PROBLEM THREE

Firing unvaccinated employees in a tight labor market when so many employers are desperate to hire hurts not only employees but also businesses.

In addition, these vaccine mandate rules have led to vaccine refusal by some essential workers like police, garbage collectors and healthcare workers in cities like New York who then lose their jobs. This not only affects these workers and their families but also the delivery of these essential services to the populace.

PROBLEM FOUR

Religious or medical exemptions from taking the vaccine are often difficult to obtain.

For example, a hospital system in Arkansas maintains that the “majority of religious exemption requests cited the use of fetal cell lines in the development of vaccines” but counters that the “practice uses cells grown in labs to test many new vaccines and drugs, including common antacids and cold medications.”

Therefore, the hospital’s religious exemption form “includes a list of 30 common medications that used fetal cell lines during research and development” and asks employees to attest that they:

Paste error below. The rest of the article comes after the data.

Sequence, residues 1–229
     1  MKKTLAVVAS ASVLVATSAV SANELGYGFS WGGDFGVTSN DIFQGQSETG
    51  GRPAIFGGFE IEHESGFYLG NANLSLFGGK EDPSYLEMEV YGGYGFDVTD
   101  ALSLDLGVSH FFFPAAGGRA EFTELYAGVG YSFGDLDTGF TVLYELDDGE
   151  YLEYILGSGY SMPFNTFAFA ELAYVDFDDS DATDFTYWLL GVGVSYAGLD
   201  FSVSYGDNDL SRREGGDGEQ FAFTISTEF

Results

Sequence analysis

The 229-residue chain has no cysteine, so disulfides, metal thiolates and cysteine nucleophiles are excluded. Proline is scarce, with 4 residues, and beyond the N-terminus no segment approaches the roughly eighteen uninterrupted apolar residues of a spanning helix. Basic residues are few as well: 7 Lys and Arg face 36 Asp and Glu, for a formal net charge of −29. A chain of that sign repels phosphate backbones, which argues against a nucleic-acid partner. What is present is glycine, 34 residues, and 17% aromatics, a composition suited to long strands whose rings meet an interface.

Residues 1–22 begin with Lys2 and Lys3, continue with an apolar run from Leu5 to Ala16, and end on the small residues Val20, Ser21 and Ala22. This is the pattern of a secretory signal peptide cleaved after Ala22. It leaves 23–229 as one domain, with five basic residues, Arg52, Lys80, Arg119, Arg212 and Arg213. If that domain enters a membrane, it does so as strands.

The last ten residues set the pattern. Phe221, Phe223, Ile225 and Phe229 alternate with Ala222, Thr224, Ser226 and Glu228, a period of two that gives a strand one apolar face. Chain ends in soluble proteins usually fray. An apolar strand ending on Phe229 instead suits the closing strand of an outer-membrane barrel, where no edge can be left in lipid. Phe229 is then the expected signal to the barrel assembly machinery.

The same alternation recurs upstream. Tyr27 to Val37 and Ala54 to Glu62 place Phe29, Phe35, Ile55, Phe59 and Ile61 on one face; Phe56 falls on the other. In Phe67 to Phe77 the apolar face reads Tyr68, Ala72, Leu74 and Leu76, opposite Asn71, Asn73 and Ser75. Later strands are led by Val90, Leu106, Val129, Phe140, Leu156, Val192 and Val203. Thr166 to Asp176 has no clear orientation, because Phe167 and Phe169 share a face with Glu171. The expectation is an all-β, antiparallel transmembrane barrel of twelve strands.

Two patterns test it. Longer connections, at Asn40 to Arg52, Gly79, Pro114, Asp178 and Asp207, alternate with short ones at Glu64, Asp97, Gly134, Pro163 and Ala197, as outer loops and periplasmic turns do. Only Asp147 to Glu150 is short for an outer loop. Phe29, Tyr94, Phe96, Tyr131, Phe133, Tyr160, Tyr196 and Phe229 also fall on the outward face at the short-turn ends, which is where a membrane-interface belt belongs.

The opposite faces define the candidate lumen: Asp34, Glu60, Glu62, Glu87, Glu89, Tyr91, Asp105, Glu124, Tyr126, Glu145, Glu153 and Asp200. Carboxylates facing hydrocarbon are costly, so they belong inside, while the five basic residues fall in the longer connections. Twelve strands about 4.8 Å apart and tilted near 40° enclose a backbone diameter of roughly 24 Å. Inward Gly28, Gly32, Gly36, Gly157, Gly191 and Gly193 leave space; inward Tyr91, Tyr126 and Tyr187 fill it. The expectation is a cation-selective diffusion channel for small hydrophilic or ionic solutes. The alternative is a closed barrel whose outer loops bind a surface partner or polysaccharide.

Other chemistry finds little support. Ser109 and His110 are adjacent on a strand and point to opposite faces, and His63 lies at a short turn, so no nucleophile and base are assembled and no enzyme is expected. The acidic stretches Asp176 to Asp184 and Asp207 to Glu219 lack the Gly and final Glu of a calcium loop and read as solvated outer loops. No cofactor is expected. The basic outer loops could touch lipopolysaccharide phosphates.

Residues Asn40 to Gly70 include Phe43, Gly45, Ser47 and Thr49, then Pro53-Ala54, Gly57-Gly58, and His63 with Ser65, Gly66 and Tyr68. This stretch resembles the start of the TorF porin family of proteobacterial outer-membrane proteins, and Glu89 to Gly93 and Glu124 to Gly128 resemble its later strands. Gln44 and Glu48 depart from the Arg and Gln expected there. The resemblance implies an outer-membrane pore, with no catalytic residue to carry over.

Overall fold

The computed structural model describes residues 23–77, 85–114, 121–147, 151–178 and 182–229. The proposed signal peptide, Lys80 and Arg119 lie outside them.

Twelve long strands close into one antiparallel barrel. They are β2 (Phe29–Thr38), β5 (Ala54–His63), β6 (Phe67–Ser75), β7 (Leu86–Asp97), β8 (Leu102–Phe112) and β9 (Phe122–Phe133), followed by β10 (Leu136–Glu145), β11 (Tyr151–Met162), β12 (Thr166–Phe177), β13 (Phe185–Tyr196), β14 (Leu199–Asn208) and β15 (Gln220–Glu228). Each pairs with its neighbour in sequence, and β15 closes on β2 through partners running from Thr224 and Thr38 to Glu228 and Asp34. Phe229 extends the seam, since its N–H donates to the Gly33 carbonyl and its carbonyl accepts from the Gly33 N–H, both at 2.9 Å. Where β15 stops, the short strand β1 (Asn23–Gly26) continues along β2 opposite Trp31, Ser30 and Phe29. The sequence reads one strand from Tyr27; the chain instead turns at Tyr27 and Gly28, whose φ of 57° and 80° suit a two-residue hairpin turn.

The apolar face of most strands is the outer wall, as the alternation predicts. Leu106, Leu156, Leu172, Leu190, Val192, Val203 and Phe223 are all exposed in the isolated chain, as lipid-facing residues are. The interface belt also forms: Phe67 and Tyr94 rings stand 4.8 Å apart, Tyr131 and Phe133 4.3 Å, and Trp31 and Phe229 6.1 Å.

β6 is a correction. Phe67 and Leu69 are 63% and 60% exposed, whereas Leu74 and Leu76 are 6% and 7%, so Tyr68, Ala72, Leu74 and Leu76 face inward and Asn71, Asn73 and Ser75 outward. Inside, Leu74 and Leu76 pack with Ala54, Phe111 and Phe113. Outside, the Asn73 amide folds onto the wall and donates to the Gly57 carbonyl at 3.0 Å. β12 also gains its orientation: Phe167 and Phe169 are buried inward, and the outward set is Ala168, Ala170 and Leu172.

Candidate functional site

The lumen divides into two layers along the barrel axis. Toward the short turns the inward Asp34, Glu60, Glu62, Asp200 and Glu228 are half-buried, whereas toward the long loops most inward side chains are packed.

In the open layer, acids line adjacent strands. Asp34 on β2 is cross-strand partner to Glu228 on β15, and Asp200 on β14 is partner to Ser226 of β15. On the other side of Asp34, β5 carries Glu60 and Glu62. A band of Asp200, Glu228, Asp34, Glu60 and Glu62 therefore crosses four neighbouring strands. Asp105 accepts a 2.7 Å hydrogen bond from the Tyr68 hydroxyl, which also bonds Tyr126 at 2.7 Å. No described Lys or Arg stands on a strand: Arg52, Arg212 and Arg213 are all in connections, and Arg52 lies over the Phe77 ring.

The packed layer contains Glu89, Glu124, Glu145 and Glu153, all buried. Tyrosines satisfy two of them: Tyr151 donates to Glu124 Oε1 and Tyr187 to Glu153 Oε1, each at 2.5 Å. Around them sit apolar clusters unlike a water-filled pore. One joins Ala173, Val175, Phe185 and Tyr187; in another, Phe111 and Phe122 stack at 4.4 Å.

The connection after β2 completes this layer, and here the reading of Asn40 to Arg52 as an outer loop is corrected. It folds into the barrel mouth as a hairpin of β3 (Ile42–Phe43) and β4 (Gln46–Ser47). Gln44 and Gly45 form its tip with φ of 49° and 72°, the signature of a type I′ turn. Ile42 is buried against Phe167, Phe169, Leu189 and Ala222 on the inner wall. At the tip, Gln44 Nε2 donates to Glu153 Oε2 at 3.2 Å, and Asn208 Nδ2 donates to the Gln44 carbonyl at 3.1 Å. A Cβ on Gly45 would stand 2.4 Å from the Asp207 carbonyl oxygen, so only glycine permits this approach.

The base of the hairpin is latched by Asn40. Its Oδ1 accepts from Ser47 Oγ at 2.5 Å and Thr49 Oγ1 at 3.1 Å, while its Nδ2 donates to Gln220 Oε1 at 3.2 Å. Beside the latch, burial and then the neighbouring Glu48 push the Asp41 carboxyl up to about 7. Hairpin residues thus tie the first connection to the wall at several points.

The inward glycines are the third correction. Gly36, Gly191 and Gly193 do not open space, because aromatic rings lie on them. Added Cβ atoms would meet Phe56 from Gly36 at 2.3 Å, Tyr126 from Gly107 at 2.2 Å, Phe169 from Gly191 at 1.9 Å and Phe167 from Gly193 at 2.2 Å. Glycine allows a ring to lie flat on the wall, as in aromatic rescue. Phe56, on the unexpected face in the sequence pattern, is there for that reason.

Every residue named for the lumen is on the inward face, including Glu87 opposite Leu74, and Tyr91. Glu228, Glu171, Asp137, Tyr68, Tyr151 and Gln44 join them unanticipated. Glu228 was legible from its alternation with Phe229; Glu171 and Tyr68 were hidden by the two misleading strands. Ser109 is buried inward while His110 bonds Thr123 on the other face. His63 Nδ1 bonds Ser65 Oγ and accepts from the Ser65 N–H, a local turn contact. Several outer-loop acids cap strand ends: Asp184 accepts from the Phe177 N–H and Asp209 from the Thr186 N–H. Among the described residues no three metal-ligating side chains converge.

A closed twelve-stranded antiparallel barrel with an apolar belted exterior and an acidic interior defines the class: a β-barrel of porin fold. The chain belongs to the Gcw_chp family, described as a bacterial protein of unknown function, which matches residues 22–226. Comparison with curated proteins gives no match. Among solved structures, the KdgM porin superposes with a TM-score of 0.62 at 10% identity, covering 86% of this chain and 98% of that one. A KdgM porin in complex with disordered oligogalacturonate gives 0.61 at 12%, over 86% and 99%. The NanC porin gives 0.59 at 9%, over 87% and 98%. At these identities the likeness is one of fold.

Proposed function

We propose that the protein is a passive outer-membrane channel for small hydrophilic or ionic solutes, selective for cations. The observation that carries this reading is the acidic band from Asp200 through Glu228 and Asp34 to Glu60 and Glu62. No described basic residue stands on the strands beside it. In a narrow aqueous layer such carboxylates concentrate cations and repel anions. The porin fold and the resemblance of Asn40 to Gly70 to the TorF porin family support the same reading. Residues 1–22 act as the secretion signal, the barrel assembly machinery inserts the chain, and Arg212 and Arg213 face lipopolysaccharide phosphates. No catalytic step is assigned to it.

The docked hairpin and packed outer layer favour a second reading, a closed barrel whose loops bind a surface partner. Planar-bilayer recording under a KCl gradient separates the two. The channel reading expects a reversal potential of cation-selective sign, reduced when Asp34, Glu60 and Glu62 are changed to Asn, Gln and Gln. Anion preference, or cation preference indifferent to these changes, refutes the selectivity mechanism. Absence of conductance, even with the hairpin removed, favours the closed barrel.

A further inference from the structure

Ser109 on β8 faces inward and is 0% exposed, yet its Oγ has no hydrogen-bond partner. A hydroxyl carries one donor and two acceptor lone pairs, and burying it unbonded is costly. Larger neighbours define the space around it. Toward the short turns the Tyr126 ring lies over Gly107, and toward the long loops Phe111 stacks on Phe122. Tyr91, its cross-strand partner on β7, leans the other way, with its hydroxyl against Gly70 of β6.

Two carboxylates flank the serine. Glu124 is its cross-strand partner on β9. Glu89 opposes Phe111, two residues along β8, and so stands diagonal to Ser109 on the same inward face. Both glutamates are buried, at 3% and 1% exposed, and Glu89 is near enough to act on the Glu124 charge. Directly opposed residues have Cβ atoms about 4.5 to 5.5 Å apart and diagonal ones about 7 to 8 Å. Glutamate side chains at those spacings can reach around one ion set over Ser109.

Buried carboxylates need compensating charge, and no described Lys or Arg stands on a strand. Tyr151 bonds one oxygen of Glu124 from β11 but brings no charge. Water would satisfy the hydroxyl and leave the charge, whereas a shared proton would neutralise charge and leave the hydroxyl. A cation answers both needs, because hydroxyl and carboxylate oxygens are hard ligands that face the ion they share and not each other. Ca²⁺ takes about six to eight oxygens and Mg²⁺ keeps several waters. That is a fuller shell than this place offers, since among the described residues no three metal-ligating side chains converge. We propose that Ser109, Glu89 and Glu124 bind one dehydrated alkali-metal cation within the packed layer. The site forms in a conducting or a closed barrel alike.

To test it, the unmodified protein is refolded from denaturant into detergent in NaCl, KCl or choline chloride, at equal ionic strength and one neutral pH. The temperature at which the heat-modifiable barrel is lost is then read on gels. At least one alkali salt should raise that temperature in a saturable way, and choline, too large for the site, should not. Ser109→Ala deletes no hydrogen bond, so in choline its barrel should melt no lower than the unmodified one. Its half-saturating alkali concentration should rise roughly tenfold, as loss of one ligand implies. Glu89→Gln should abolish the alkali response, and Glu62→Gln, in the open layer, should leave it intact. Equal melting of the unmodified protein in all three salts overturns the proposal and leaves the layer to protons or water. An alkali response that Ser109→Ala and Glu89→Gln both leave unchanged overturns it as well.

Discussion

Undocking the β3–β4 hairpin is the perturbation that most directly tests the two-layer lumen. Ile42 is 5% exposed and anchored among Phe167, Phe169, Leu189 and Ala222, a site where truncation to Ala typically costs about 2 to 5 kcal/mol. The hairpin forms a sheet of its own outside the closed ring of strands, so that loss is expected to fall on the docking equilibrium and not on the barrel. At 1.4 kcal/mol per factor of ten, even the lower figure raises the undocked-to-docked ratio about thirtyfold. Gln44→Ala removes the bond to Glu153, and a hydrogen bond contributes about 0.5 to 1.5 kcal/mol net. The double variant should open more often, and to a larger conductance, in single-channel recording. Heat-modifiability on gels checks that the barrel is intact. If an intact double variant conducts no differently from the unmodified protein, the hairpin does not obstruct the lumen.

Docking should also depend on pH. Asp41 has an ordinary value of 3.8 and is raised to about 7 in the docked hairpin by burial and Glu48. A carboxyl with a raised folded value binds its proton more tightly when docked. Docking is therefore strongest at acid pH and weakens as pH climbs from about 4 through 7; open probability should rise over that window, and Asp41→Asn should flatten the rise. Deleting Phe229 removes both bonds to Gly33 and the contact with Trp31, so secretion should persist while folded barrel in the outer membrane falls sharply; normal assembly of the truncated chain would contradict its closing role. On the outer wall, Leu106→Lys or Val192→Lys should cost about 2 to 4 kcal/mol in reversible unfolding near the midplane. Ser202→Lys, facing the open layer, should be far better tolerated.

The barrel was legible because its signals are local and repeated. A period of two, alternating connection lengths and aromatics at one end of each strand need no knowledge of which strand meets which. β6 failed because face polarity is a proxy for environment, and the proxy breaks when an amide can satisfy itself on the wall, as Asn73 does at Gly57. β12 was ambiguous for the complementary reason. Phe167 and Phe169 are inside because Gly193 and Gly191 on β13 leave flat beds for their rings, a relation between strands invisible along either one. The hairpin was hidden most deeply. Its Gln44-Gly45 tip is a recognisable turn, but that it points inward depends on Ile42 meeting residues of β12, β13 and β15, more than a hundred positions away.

“truthfully acknowledge and affirm that my sincerely held religious belief is consistent and true” and that they won’t use the medications listed.” (Emphasis added)

PROBLEM FIVE

Now the CDC has announced emergency use authorization of Covid 19 vaccine for children 5-11. If mandated, what will that mean for schools and parental rights to refuse or consent to medical treatment?

PROBLEM SIX

So far, 68% of Americans have received at least one dose of a vaccine and 59% are fully vaccinated.

At the same time, at least 27 states so far have decided to take legal action against the new rules, claiming the mandate is an example of federal overreach and both “unlawful and unconstitutional.” And on November 6, 2021, a US federal appeals court temporarily halted President Biden’s COVID-19 vaccine mandate for businesses, citing potentially “grave statutory and constitutional” issues.